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If you have or buy a home with a furnace that’s older than 25 years, it may raise questions with your insurer.
Why? A 20- or 25-year-old furnace has an efficiency rating of about 60 per cent. Instead of warming your home, 40 per cent of the heat generated through the combustion of natural gas goes up the flue and out the chimney.
Efficiency is about decreasing waste. You want all of the effort you "input" into something to be productive, or "output." In this case, it's fuel and you want all of what is burned to be used to heat your home.
If your furnace is 95 per cent efficient, then out of 100 per cent of the fuel input, only five per cent is wasted. The higher the efficiency of your furnace, therefore, the less you waste. Conversely, the lower the efficiency the more is wasted – most of it through the chimney.
Another thing you should consider is the average lifespan of a furnace is 15 to 20 years. The older they get, the more problems and potentially pricey repairs will arise, especially if annual maintenance hasn’t been done.
The bottom line is the heating system in your home may need to be replaced or upgraded to secure insurance coverage or your premiums could be more. Radiant heat panels, space heaters, and furnaces older than 25 years may not be deemed acceptable heat sources.
Let’s face it - living in Canada no one wants to be caught on a bitterly cold winter night with a faulty furnace. You’re cold, and so are some essential other services in your home, especially when it comes to water. You definitely don’t want your pipes freezing.
And, if you’re wondering if homeowner’s insurance will cover your gas furnace in general, the simple answer is no. Home insurance is not a maintenance plan. Your insurance provider will cover your furnace if there is damage done from fire, flood, or a burglary.
Reliance Home Comfort, a Windsor, Ont.-area company that installs and maintains HVAC systems, offers these tips if you find your furnace has stopped working:
If your furnace is firing up but not blowing heat as hard as normal, dirty air filters are often the culprit. That’s because air filters trap dust, dirt, and debris like hair, which over time can restrict or block vital airflow, overheating the heat exchanger and preventing your furnace from working as it should.
Filters should be changed every three months or as recommended by your equipment manufacturer manual. To fix the issue, simply purchase a new filter and follow the instructions in your owner’s manual to make the switch.
The source of many a malfunctioning furnace is the thermostat, which is really the control centre of your heating system.
To troubleshoot, set your thermostat to heat instead of cool, then set it to 5 degrees above room temperature and see if the furnace comes on. If it’s not working, the problem could be as simple as the thermostat’s batteries. When the batteries die, the display will go blank and the thermostat will no longer be able to operate your heating and cooling system. A good way to avoid this is to replace the batteries every year.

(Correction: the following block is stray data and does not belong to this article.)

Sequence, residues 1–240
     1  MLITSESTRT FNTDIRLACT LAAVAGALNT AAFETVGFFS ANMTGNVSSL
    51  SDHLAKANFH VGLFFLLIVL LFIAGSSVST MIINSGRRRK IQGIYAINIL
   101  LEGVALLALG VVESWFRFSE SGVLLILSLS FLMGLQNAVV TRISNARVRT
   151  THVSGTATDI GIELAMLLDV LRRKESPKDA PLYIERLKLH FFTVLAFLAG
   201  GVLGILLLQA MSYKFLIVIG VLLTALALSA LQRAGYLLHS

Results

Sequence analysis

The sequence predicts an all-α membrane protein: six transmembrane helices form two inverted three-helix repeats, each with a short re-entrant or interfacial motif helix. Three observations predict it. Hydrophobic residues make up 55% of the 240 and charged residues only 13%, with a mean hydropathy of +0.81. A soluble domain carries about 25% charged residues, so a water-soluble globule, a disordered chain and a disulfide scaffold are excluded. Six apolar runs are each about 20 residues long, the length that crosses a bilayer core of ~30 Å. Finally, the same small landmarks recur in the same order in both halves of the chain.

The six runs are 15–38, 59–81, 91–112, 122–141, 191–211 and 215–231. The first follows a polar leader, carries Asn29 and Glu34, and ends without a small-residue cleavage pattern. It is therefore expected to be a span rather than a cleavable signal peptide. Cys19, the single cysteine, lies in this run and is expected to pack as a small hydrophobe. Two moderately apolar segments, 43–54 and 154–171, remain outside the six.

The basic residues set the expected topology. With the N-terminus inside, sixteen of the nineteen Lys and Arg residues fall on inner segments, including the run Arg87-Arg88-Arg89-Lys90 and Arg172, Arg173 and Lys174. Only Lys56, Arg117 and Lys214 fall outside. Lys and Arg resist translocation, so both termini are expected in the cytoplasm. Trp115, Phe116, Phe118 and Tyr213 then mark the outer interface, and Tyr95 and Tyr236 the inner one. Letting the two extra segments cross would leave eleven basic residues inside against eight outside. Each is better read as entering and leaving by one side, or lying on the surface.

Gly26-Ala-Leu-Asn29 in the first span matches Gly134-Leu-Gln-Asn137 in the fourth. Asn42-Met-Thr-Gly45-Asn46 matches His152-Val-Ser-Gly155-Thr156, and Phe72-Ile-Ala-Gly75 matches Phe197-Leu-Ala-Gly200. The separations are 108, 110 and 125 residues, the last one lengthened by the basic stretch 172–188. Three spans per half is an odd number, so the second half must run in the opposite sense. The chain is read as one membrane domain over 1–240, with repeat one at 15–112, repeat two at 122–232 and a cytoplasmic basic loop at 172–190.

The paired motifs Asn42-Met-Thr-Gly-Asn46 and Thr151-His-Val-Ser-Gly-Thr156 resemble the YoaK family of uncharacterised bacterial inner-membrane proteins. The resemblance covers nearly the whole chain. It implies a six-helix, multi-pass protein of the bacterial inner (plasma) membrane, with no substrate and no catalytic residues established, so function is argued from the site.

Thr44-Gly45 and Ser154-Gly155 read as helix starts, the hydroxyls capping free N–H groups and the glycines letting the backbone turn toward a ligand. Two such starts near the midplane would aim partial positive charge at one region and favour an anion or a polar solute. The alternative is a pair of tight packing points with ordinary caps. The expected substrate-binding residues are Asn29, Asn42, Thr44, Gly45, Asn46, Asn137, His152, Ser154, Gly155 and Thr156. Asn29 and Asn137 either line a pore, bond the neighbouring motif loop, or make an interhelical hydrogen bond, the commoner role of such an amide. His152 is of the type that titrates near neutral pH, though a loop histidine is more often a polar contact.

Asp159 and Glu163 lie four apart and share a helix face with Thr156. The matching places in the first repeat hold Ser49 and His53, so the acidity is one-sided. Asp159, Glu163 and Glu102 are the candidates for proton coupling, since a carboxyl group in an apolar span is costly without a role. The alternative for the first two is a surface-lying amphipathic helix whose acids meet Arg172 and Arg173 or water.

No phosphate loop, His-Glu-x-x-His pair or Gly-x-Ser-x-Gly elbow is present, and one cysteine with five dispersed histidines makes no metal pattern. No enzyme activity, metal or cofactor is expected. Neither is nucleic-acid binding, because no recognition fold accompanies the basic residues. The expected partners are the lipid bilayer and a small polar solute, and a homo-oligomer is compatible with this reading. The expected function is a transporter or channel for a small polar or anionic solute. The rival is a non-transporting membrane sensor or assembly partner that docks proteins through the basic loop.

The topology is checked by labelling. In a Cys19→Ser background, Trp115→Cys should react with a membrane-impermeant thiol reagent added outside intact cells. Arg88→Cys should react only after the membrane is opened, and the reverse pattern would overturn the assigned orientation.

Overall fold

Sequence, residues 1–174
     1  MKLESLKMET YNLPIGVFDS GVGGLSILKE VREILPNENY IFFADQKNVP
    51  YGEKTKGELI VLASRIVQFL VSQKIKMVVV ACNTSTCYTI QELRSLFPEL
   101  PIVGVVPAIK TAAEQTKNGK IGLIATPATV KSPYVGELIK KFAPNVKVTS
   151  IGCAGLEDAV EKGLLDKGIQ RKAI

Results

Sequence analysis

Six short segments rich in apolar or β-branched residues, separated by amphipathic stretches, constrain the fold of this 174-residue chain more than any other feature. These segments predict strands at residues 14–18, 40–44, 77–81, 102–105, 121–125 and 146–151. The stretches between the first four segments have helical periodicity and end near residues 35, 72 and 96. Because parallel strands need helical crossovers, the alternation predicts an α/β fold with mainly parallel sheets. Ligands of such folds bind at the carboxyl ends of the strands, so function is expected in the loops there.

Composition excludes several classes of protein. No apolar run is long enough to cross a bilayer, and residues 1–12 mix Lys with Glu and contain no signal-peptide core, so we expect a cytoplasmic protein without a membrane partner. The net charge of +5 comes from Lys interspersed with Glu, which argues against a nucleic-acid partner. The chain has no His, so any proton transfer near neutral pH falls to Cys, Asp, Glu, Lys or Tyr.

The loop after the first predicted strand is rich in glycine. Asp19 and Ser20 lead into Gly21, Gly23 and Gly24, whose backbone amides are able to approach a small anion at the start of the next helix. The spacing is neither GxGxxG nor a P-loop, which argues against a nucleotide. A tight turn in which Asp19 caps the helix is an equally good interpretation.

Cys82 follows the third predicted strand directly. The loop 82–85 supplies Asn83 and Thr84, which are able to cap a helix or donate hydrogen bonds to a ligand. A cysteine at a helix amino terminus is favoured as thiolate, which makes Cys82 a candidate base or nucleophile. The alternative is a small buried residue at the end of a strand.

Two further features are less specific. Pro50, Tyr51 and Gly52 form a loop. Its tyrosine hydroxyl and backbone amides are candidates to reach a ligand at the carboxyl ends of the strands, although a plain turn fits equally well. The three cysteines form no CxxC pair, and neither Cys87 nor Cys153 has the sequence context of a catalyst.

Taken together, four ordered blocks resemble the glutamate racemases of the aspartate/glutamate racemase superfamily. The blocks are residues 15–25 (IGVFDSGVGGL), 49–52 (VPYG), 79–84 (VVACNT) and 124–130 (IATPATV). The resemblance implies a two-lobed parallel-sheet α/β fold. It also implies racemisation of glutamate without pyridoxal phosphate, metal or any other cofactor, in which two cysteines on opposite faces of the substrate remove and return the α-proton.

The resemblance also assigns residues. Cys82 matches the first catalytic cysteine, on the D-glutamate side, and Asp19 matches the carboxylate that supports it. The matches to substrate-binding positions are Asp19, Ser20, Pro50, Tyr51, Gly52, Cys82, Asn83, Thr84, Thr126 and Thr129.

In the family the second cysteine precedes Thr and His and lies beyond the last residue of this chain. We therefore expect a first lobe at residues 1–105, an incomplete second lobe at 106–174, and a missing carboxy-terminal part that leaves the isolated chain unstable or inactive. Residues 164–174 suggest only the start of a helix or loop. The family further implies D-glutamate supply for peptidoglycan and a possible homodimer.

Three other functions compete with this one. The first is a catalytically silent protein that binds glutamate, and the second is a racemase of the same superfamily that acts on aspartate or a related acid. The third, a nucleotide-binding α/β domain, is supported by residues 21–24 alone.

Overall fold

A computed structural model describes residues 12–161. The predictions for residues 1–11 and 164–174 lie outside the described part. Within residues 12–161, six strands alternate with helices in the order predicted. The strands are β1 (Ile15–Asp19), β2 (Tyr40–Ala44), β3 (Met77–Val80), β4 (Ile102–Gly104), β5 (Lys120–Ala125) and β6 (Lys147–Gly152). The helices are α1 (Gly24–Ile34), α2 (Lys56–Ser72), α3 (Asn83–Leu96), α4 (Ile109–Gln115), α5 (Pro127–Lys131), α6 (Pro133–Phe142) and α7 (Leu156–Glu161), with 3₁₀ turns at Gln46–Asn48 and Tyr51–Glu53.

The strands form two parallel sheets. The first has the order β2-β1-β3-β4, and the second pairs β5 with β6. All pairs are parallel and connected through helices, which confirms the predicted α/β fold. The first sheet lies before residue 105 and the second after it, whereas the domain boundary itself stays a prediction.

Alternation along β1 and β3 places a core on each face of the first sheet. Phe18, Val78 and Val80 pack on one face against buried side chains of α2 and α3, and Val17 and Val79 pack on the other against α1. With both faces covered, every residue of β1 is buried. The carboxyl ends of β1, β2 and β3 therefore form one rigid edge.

It may sound like a no-brainer, but if repairs or maintenance were recently performed on your furnace, and it’s not working for some reason, you may want to check to see if it was turned back on. All furnaces have a basic power switch. Look for a standard wall switch on or near the furnace and check if it’s on.
You also may also want to check your circuit breaker or fuse for the furnace, which may have been turned off. Finally, make sure the front panel covering the blower motor is securely fastened – under it, you’ll find a push-in switch, which needs to be fully depressed for your furnace to turn on.
Have you noticed cold spots in your home even when hot air is coming out of the air vents? The problem could be the air ducts. Check for handles that protrude from the ducts – these are dampers that control airflow. You’ll want to make sure they’re fully open.
If some entire rooms are still cold, you may have a problem with leaking ducts or incorrectly designed ducts. To find blocked or leaky ducts that could be restricting airflow, look at any ducts you can access – are there any gaps between sections of ducts or branching out points? You can seal these with special metal duct tape.
And always make sure your vents aren’t being blocked by furniture or covered by objects in your home, like drapes, plants, or wall art.
If the above doesn’t work, call the professionals. A furnace is not the right time for DIY. Another thing you may want to consider is annual inspections to ensure it’s in proper working order and for peace of mind.
Finally, if you have questions about your furnace’s age and how it might affect your home insurance, contact your broker.
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